Arthritis usually affects older animals and is caused by wear and tear on the joints, causing the cartilage which lines the joint to wear away. This causes pain and lameness, but the signs can also be more subtle. If you have an older dog, keep an eye out for stiffness, slowing down on walks and difficulty climbing the stairs or jumping into the car. In our elderly feline friends, we usually see difficulty jumping on to high surfaces and a reduction in activity levels, among other subtle changes.

imageIf you are worried that your pet may have the early symptoms of arthritis, make an appointment to see your vet who will be able to examine each joint for signs of stiffness and pain, and can prescribe medications to help reduce the inflammation and make your pet more comfortable, and supplements to improve the health of their joints. As well as medication, or instead of it in early stages,  weight control, physiotherapy, acupuncture and hydrotherapy can be extremely useful.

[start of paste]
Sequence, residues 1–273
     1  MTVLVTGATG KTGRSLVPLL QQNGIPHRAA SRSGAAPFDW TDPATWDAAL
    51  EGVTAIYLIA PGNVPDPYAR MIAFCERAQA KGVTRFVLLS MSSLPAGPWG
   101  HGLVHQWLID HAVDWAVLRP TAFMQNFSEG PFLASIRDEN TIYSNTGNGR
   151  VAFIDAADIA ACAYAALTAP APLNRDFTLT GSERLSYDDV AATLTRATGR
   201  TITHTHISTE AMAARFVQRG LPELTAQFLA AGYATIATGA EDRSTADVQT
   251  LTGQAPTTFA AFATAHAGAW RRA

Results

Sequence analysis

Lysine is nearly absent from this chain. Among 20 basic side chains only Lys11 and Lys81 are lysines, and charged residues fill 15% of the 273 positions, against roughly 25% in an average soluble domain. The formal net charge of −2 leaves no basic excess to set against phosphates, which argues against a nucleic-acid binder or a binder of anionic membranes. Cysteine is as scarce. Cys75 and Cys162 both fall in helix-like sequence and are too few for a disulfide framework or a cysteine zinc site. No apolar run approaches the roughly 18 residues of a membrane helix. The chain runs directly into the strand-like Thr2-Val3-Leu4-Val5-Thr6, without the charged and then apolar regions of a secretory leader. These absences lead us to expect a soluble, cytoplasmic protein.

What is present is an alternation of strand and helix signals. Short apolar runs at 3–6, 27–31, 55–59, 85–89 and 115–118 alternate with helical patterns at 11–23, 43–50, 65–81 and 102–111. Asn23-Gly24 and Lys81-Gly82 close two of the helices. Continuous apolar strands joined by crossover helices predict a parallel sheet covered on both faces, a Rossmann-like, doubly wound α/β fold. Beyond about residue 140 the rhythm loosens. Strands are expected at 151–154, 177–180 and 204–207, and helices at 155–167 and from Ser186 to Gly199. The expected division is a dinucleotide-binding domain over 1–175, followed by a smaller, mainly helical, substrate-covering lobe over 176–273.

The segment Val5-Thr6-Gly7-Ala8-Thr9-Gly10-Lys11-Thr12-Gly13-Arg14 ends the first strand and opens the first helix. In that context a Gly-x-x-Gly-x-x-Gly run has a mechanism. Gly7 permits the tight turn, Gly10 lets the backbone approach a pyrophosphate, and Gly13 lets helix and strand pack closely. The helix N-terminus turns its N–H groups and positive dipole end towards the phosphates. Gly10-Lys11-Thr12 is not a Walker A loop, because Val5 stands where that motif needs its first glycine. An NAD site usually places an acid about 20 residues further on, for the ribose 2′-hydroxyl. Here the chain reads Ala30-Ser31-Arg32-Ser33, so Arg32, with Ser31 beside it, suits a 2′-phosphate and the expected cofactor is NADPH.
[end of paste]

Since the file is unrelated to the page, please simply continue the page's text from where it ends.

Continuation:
If your pet has been diagnosed with arthritis, there are several things you can do at home to help. When it’s cold and wet outside, take extra care to thoroughly dry your dog after walks, and consider using a coat to protect them against the worst of the weather. Allow cats access to the indoors and provide plenty of soft, warm bedding for your pets- hard floors can be harsh on older joints. Orthopaedic mattresses are widely available and can really help older pets. Lastly, the sporty among you will know the importance of warming up and warming down and it is no different for your dog- use 5 minutes at the start and end of a walk as a warm up and warm down period, where your dog is on the lead and not doing anything strenuous- controlled but regular exercise is best for dogs with arthritis.

If you have any concerns about the effects of aging on your pets and what you can do to help, pop in to your local branch and chat with a member of our staff, who are always happy to help.